12.04 Affective disorders:

Characterized by a disturbance of mood, accompanied by a full or partial manic or depressive syndrome. Mood refers to a prolonged emotion that colors the whole psychic life; it generally involves either depression or elation.

The required level of severity for these disorders is met when the requirements in both A and B are satisfied, or when the requirements in C are satisfied.

A. Medically documented persistence, either continuous or intermittent, of one of the following:

1. Depressive syndrome characterized by at least four of the following:

a. Anhedonia or pervasive loss of interest in almost all activities;

b. Appetite disturbance with change in weight;

c. Sleep disturbance;

d. Psychomotor agitation or retardation;

e. Decreased energy;

f. Feelings of guilt or worthlessness;

g. Difficulty concentrating or thinking;

h. Thoughts of suicide;

i. Hallucinations, delusions, or paranoid thinking;

2. Manic syndrome characterized by at least three of the following:

a. Hyperactivity;

b. Pressure of speech;

c. Flight of ideas;

d. Inflated self-esteem;

e. Decreased need for sleep;

f. Easy distractibility;

g. Involvement in activities that have a high probability of painful consequences which are not recognized;

h. Hallucinations, delusions or paranoid thinking;

3. Bipolar syndrome with a history of episodic periods manifested by the full symptomatic picture of both manic and depressive syndromes (and currently characterized by either or both syndromes);


B. Resulting in at least two of the following:

1. Marked restriction of activities of daily living;

2. Marked difficulties in maintaining social functioning;

3. Marked difficulties in maintaining concentration, persistence, or pace;

4. Repeated episodes of de-compensation, each of extended duration;


C. Medically documented history of a chronic affective disorder of at least 2 years' duration that has caused more than a minimal limitation of ability to do basic work activities, with symptoms or signs currently attenuated by medication or psychosocial support, and one of the following:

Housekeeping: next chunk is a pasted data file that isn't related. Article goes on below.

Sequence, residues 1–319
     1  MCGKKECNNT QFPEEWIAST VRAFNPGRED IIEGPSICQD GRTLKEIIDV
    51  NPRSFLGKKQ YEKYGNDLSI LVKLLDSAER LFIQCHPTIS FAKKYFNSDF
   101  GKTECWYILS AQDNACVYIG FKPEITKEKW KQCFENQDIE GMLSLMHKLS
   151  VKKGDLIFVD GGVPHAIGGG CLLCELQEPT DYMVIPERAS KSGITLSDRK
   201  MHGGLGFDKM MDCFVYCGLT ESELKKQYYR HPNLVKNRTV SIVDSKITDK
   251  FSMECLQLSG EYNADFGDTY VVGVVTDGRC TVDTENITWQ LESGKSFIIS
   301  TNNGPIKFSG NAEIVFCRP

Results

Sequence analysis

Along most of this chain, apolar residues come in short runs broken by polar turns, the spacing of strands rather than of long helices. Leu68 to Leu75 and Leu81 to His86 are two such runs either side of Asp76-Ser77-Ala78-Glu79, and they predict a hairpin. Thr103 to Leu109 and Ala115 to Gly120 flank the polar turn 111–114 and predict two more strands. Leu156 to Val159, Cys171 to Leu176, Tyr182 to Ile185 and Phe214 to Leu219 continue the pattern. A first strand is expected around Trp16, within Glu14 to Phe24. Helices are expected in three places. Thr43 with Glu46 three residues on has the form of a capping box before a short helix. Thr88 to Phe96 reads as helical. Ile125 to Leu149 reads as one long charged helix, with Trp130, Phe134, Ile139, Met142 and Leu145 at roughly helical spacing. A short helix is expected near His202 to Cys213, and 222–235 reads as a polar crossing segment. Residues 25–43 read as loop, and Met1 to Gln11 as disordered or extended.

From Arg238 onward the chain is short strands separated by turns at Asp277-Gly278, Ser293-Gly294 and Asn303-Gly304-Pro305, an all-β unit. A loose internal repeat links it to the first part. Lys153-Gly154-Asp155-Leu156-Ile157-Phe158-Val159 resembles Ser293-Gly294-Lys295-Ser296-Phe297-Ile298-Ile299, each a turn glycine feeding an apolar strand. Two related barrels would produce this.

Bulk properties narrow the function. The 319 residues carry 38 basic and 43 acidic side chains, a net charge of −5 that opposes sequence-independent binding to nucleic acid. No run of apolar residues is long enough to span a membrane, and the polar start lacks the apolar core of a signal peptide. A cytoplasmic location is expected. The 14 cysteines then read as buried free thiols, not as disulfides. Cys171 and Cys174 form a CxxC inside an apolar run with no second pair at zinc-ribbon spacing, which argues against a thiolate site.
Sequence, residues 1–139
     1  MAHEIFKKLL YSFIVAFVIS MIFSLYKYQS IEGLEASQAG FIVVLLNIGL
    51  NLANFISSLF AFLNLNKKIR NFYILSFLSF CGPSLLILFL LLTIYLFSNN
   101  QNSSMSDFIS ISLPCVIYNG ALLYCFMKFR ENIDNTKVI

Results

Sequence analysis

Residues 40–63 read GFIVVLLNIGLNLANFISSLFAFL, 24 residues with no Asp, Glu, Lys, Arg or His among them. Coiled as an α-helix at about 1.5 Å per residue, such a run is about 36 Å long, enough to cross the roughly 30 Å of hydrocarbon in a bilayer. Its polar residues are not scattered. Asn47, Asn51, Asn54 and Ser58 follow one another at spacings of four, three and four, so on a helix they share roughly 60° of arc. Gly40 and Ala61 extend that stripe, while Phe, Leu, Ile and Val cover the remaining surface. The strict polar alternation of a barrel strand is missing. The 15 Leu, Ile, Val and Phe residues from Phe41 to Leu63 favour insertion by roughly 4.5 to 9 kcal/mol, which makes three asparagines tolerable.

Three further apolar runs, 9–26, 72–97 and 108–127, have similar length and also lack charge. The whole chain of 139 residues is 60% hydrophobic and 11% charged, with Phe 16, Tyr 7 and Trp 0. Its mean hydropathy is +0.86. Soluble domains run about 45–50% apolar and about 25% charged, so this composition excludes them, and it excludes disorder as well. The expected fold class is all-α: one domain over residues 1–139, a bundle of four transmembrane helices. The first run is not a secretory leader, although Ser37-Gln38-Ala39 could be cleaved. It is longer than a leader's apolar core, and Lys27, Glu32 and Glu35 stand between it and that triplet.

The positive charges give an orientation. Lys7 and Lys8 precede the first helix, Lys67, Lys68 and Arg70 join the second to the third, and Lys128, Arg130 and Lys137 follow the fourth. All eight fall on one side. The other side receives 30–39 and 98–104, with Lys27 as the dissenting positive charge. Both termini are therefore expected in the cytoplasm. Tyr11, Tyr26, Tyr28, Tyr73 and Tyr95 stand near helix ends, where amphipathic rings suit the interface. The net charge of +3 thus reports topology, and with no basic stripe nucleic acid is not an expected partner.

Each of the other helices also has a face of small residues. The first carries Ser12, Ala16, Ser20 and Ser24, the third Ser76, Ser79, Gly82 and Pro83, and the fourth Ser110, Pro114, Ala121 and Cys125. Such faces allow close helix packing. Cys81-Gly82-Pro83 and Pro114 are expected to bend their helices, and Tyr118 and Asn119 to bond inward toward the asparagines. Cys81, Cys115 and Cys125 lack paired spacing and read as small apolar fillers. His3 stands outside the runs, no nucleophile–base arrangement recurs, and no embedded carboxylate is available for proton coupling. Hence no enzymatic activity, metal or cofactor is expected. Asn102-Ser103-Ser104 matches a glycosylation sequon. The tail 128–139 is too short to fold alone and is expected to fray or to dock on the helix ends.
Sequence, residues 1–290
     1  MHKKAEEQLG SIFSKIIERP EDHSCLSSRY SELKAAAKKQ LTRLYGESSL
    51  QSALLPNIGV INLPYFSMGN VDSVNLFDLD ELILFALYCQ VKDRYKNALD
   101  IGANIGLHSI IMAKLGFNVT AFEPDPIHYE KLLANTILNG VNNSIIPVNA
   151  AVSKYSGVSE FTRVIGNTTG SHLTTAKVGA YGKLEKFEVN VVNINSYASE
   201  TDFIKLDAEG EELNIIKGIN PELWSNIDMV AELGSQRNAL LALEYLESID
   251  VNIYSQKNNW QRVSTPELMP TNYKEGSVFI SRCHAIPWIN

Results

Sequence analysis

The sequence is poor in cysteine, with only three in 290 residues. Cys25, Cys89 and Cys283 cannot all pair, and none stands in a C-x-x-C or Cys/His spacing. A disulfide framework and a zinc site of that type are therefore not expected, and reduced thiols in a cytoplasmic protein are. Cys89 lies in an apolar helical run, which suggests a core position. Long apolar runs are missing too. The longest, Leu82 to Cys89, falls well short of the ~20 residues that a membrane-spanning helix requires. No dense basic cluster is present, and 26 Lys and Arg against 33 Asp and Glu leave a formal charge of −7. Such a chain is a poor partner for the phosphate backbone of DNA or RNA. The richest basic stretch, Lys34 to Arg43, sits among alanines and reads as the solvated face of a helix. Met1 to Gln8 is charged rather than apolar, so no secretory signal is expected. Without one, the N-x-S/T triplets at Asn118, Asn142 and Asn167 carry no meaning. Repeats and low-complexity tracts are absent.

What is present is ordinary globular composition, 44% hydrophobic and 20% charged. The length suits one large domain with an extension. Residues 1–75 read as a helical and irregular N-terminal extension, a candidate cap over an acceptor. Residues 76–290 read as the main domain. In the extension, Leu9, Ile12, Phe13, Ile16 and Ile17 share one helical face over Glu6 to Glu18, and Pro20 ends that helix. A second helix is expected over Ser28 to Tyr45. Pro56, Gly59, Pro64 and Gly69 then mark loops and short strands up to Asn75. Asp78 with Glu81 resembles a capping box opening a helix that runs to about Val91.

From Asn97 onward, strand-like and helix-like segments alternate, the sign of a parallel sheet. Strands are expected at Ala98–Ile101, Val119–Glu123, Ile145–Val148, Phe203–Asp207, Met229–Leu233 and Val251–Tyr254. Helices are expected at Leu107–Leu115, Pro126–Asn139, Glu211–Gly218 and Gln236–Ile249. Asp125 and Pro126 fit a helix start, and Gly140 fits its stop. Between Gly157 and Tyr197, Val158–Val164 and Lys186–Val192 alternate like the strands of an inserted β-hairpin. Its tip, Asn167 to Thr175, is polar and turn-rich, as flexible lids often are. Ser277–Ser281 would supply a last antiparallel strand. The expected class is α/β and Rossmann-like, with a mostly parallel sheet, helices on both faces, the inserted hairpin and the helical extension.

1. Repeated episodes of de-compensation, each of extended duration;

2. A residual disease process that has resulted in such marginal adjustment that even a minimal increase in mental demands or change in the environment would be predicted to cause the individual to de-compensate;

3. Current history of 1 or more years' inability to function outside a highly supportive living arrangement, with an indication of continued need for such an arrangement.

These criteria are addressed in much more detail by the Social Security Administration (SSA). However, keep in mind that the depression symptoms which meet the criteria for receipt of benefits may develop as a result of the disease process and/or the medications prescribed and used, or the residual effects of procedures used to treat the disease.

The medical evidence supporting one's argument that he or she may meet these criteria, and therefore qualify for disability benefits, is crucial to obtaining a favorable finding. Physicians are considered experts in their field of practice, and their diagnosis, treatment and prognosis concerning a person's condition are key to determining if someone who suffers with depression qualifies for Social Security Disability benefits.

Jonathan Ginsberg has been practicing Social Security Disability law in the Atlanta, Georgia area for over 20 years. His website can be found at